Chen wants stronger vaccination push
Relocated Mandeville Regional Hospital Outpatient Department almost readyTuesday, September 07, 2021
BY KASEY WILLIAMS
MANDEVILLE, Manchester — Southern Regional Health Authority (SRHA) Chairman Wayne Chen says Jamaica should be vaccinating at least 15,000 people daily and push to have 60 per cent of the population inoculated three months ahead of the March 2022 deadline set by the Government.
“I think that in this country we should be vaccinating 15,000 to 20,000 people every day, so when I start to see the numbers drop below 10,000 I start to get worried… People are talking about getting 60 per cent by March, I would love to see 60 per cent by December,” he said yesterday.
“The quicker we can get the country vaccinated, the more lives we will save, the stress we will take off the hospitals and health centres, and the quicker we can open our economy so people can start making a living again,” he added.
“I believe that a lot more of us ought to be taking the vaccine. My concern is that we need to vaccinate people faster, because many of us are still vulnerable, even after we take the vaccine, as you know, we are still vulnerable to [the] disease,” he added.
“It is really up to us as Jamaicans to take responsibility for our personal health, the health of our families, the health of our children, and ensure that we are vaccinated… Nothing is perfect, but the vaccine is, by far, the best weapon we have now in the fight against COVID,” he went on.
SRHA has oversight responsibility for health facilities in Clarendon, Manchester, and St Elizabeth.
Chen said 22 per cent of the region's population of 600,000 have been vaccinated.
“Based on the national figures and the figures I see for these three parishes, I think this region is actually leading the rest of Jamaica. We have 22 per cent of the population, but close to 40 per cent of the vaccines that have been given out over the last two weeks or so, which is not to say we are doing well. I am calling on the rest of Jamaica to catch up and to surpass us,” he said.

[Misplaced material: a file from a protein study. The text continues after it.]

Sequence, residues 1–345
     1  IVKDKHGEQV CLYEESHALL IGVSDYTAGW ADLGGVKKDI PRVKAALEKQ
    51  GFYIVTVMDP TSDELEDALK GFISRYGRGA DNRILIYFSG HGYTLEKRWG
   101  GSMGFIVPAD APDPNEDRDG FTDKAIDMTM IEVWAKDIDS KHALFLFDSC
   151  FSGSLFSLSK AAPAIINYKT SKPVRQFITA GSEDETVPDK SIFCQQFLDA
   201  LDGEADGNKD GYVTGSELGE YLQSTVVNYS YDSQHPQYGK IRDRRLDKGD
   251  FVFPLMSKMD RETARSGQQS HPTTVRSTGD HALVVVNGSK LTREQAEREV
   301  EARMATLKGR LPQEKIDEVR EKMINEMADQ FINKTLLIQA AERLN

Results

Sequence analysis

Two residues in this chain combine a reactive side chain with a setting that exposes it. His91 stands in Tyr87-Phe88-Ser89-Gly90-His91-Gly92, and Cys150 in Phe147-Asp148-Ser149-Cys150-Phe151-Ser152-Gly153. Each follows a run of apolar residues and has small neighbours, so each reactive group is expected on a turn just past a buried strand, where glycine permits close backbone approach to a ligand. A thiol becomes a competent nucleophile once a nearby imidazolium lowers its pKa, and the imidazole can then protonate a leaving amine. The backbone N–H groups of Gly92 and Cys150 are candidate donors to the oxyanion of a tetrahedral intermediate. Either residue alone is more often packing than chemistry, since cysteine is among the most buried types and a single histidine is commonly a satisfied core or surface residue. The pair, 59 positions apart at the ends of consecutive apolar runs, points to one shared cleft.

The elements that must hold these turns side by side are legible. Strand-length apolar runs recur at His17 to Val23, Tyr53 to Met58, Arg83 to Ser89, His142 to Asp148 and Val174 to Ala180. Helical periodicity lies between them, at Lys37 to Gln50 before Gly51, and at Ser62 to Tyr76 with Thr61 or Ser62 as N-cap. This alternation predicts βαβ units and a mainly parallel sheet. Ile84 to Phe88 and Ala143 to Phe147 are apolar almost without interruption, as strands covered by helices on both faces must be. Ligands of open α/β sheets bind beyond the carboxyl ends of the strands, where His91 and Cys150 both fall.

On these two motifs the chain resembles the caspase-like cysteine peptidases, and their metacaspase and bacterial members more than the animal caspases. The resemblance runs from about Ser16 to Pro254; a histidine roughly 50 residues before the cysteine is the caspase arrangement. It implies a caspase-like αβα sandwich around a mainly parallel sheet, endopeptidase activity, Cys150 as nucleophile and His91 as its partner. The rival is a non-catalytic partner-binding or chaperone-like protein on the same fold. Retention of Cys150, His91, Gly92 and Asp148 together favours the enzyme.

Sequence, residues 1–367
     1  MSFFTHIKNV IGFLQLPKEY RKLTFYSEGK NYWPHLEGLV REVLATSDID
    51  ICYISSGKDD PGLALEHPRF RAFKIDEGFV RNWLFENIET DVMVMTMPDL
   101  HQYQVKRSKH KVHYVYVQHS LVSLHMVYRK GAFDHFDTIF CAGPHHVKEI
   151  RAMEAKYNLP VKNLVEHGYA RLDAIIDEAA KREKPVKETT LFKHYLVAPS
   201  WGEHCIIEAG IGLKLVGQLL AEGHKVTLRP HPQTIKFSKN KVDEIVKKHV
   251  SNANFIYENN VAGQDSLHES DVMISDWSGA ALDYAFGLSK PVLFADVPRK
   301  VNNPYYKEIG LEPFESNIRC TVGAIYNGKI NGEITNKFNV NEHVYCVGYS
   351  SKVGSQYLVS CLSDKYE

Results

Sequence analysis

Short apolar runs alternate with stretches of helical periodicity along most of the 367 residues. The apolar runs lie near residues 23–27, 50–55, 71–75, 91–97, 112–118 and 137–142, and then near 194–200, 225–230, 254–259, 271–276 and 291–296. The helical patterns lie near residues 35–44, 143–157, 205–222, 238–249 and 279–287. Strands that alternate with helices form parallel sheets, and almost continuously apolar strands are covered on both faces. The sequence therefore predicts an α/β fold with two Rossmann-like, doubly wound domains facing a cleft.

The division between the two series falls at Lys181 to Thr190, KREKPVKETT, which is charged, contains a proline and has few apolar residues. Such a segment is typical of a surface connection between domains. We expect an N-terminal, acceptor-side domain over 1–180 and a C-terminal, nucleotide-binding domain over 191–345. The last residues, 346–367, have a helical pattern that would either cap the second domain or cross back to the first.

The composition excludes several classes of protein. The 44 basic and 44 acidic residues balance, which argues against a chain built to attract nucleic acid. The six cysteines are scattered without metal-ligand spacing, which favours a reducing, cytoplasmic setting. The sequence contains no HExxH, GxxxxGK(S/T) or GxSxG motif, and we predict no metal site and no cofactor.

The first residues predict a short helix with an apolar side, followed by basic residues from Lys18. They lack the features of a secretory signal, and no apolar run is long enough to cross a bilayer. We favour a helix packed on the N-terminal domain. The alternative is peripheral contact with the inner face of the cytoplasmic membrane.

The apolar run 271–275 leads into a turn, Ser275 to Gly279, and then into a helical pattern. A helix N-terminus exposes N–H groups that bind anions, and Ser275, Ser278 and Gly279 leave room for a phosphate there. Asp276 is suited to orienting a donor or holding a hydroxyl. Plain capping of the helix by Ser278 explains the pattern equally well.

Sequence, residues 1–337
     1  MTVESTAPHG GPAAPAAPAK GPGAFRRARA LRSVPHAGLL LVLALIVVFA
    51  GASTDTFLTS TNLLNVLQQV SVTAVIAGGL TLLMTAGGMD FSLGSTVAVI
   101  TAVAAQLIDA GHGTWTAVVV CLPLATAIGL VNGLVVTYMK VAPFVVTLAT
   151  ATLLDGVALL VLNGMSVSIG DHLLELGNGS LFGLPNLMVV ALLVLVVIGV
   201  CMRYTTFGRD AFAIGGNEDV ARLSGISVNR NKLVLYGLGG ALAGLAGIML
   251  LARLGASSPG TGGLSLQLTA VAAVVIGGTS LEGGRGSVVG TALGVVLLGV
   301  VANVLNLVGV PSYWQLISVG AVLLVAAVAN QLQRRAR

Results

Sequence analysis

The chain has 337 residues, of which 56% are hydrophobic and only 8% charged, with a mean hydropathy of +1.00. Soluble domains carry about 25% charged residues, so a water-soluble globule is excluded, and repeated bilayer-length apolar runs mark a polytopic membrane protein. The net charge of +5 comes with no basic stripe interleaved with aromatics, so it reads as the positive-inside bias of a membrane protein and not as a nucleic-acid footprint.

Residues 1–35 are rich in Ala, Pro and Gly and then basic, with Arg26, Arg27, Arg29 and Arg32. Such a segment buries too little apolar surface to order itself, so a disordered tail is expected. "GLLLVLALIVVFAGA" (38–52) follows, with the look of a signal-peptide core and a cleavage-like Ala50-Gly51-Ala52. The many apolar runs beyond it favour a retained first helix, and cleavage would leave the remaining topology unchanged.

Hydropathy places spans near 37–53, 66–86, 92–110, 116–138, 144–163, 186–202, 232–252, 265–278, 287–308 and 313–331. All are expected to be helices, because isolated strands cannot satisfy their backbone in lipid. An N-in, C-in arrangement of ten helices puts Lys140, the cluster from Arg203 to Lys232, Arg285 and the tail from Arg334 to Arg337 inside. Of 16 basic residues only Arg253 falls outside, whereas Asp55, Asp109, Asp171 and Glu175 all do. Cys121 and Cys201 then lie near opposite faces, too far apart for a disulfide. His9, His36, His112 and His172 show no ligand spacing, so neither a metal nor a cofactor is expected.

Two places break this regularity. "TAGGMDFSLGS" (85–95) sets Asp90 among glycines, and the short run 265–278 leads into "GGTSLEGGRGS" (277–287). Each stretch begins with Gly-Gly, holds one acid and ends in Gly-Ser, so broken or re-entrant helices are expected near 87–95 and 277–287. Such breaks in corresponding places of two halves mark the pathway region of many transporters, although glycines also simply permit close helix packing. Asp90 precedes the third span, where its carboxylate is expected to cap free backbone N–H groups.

Overburdened by the surge in COVID-19 patients requiring hospitalisation, Mandeville Regional Hospital's Outpatient Department, which has been relocated to the nearby Seventh-day Adventist Church, is slated to open on Wednesday.
The hospital was forced to retrofit the department recently to house COVID-19 patients as the other designated isolation wards remain at capacity.
Chen said several facilities have been installed at the new location.
“A lot of work has gone on in the last couple of weeks in terms of putting in partitions, creating office space, meeting rooms, and examination rooms. Even bathrooms have been put in. A construction crew worked round the clock, so we now have an Outpatient Department right across the road from here,” he said.
“[It has] allowed us to use the old Outpatient Department as a new ward. A lot of work has gone on, but the southern region has doubled the number of isolation spaces for COVID patients, between February and July of this year. In other words, in five months we doubled the number of beds available for COVID,” he added.
The hospital's vaccination site was yesterday open for people opting to choose from the Johnson & Johnson (J&J), AstraZeneca, or and Pfizer COVID-19 vaccines.
Most people opted to take Pfizer instead of AstraZeneca or the single-dose J&J.
“I feel safer taking Pfizer than the others. My brother did the research and he said it is best for me and our mom to take this one. My mother is 82,” said a man who asked not to be identified.
“Because of the misinformation that you get on J&J, it is being said that it is not very reliable. For that reason I said I'm not taking that one. I wanted to do the Pfizer, but when I came, I decided that I wanted to do the AstraZeneca,” said a woman who asked not to be identified.
Another woman, who also asked not to be identified, took the J&J at the first opportunity of it being available in Manchester.
“I'm a busy person, I can't take the up and down, so I just decided to take the one dose,” she said.